PS: Brent Swain - I know he used to pst here online a lot, but I don't know of a site for his work anywhere. I've been looking for a few months.
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Old 05-06-2010, 18:31   #37
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btw haiden...loved that site on building moonflower. Looks like a LOT of fun. great design and boat too.
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Old 05-06-2010, 19:21   #38
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I looked at quite a few steel boats on the used market and came to the conclussion that if I were going to go steel, building would be the way. The problems I encountered had to do with accessability to the interior of the hull. It is about finnish and upkeep. Paint. Paint needs to be redone from time to time. Even with limber holes propperly placed, dirt holds moisture, moisture causes rust. Building would mean I would know what I had and I could build with getting to the inside of the hull in mind for the future. All the boats I looked at were either spray foamed of built over. The best bets were the ones that were mostly gutted. I decided aluminum. (That's a whole different kettle of fish with it's particular issues.) I'm not saying there aren't good specimens out there, only that I didn't come across them in my particular search.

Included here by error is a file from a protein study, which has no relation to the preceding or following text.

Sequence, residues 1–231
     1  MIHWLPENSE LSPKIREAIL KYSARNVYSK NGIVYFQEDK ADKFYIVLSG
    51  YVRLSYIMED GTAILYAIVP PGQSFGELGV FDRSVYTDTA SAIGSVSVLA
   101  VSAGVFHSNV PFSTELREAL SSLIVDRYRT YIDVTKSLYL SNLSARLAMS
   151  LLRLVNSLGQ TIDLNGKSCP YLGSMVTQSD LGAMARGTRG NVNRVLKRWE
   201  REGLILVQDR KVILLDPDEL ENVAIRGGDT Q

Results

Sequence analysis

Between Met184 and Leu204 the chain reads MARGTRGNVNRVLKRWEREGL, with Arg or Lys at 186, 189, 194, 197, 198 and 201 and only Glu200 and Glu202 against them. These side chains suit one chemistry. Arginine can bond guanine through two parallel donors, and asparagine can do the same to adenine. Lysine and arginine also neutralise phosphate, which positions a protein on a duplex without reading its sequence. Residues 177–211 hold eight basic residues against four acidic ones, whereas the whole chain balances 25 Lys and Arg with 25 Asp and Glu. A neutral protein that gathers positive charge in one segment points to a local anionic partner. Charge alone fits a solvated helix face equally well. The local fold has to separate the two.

I welded for a living and taught welding for around 20 years. Welding steel is about as easy as it comes. A couple of lessons from someone who knows how to teach and a few hundred feet of burning and you can get quite proficient. Proficient enough so that at least you know when it's good (or more importantly, not good!).Those little 110V wire feed are cheap and ample for most of what you will encounter in "our size" boats. (Although duty cycle is ussually short) Flux core without gas is like stick welding and gas is beautiful. They're truly "the glue gun of welding". However, not the most realistic to use for building as carrying the darn thing with the gas (or without) around such a project isn't that practicle. With a stick all you have is one lead to drag and your chipping hammer on your belt.. (You have to move much because you are working thin stock and warpage is your main concern).